Home Music Revisiting Wolf Parade’s seminal debut album 10 years later

Revisiting Wolf Parade’s seminal debut album 10 years later

by Calvin Cashen November 3, 2015
Revisiting Wolf Parade’s seminal debut album 10 years later

Though ten years have passed since its release, Apologies to the Queen Mary remains a treat.

Apologies to the Queen Mary, the stellar Sub Pop debut from Montreal’s very own Wolf Parade, assembles grandiose pop sensibilities with punk-inflected indie rock.

Montreal’s Wolf Parade recently celebrated the 10th anniversary of their debut record, originally released on September 27th, 2005.

Montreal’s Wolf Parade recently celebrated the 10th anniversary of their debut record, originally released on September 27th, 2005.

This might sound like a familiar template for anyone who’s read a pretentious music blog, but appraising the album’s surface negates the mammoth ambitions found inside. Just give the record time—fixate on its influences, absorb each track, fold back the edges and you’ll find an all-inclusive survey of every emotion you’ve ever had. Only this time, the experience is soundtracked by sheer musical ecstasy.

Before the record’s release in September 2005, Wolf Parade fell victim to hype—a contradiction that has plagued Canadian music for years. With a name like Isaac Brock (better known as the sonic architect and brainchild of Modest Mouse) behind the mixing board, it’s clear that the Montreal import had a lot going for them, as well as an equally high bar to live up to.

Throughout the record, Wolf Parade roll out incendiary piano-hooks like a bat out of hell, but they retain the subdued confidence of such established veteran bands as label mates Dinosaur Jr. That gentle attention to detail established Wolf Parade as a formidable force against other indie-rock contenders.

Even in the face of such high expectations, the band prevailed with flying colors, garnering traction from post-punk purists and indie-rock teenyboppers alike. Ignoring the Pitchfork “Best New Music” seal of approval, Apologies to the Queen Mary is an exceedingly special album that has launched Wolf Parade into a storied musical lineage. Few records, let alone debuts, exhibit such meticulously calculated and controlled musical prowess.

Though they’ve been on hiatus since 2011, Wolf Parade’s ripples are still felt.

Though they’ve been on hiatus since 2011, Wolf Parade’s ripples are still felt.

The record recently turned 10 and while the collective had been riding high up until their indefinite hiatus in 2011, it’s interesting to speculate how well Queen Mary sits with today’s digital age demographic. Stylistically, the record epitomizes that early 2000 era of post-punk revivalism, flexing components of fidgety guitars, glitchy synths, and spastic vocal deliveries. In other words, Queen Mary rigidly adheres to the signature Modest Mouse formula.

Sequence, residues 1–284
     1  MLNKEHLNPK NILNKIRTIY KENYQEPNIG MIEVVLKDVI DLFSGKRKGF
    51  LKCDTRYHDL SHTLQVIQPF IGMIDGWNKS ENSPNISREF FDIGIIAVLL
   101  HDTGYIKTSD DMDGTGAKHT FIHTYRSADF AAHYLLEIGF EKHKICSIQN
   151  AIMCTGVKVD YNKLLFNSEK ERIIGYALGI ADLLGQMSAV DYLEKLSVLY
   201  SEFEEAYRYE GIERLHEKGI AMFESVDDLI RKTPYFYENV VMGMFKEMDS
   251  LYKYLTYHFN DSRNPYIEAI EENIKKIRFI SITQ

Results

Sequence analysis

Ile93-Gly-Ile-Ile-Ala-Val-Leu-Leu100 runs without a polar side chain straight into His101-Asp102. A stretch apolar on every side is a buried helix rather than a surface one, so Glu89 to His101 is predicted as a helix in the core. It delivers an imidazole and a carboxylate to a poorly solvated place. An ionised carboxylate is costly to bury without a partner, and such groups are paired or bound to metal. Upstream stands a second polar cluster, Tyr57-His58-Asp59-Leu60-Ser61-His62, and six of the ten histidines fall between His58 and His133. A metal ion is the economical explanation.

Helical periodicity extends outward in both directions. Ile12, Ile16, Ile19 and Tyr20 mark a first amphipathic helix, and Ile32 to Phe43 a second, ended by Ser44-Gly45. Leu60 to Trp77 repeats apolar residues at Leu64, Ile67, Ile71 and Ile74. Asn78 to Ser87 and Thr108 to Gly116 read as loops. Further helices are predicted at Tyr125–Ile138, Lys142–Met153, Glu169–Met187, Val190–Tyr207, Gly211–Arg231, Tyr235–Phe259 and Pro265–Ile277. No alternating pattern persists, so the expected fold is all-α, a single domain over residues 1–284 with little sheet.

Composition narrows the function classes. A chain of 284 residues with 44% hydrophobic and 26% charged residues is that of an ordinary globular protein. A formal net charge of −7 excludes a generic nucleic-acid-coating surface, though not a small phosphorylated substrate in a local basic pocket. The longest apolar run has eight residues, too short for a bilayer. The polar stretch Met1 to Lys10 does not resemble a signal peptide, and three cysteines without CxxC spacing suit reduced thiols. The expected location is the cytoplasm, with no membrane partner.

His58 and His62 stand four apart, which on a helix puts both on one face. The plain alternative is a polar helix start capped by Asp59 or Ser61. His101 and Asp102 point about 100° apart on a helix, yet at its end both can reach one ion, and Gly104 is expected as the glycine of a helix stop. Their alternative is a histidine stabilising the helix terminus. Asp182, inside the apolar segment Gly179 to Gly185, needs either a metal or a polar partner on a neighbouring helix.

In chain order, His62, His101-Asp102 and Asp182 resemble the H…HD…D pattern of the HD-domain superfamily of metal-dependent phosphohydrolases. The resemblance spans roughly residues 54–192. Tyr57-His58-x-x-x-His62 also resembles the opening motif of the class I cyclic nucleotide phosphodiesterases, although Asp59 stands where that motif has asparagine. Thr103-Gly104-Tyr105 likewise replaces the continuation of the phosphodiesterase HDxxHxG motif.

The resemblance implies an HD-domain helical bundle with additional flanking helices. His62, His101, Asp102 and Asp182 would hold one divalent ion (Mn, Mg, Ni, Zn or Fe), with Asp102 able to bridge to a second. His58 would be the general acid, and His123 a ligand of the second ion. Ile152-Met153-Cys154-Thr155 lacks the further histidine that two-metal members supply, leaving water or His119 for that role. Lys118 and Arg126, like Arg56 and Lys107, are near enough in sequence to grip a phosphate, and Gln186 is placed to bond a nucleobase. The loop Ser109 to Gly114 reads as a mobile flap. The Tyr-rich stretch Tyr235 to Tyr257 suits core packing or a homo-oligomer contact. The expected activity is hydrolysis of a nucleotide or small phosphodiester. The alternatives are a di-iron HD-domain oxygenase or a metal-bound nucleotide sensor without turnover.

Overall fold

It’s easy to pull comparisons, but when Wolf Parade take familiar pop tropes and contort them into a triumphantly energetic musical pastiche, the result is hot to the touch. The invigorating sing-song choruses, brought to you by dual vocalists Dan Boeckner and Spencer Krug, are absolute blessings to the ears. Krug exhibits the unhinged cadences of Lennon whereas Boeckner prefers a more bridled, McCartney-esque approach. When combined, the duality is seamless. The team’s meticulous sense of structure and attention to harmony has forged prominent solo careers for both; Krug has since released a handful of lauded albums under the Moonface moniker while Boeckner has endured success in such bands as Handsome Furs and Divine Fits. Queen Mary spotlights just how well these two can carry a tune.

The consistency of each track find Wolf Parade sharing a commonality with the fickle music listeners of today—“make them come to you and never let up.” The urgency of “We Built

Another World,” the buoyancy of “I’ll Believe In Anything” and the spectral saunter of “Same Ghost Every Night” comprise the album’s accessible pop appeal, but the sticky melodies are intricate and energetic enough to keep listeners engaged for years. In other words, Wolf Parade’s debut serves as a remarkably fruitful listen, endless in its replay value. Though the band is sadly no more, their legacy nonetheless lives on.

Those unfamiliar with Apologies to the Queen Mary’s pivotal stature might be quick to dismiss it as tired hipster fodder but the record’s patient ascent from poised debut to cardinal indie gem is hard to ignore. It’s what happens when hype works in a band’s favour and what’s resulted is the gold standard exemplar for modern indie music—a lasting, anthemic, and transcendent work indeed.

Related Articles

Leave a Comment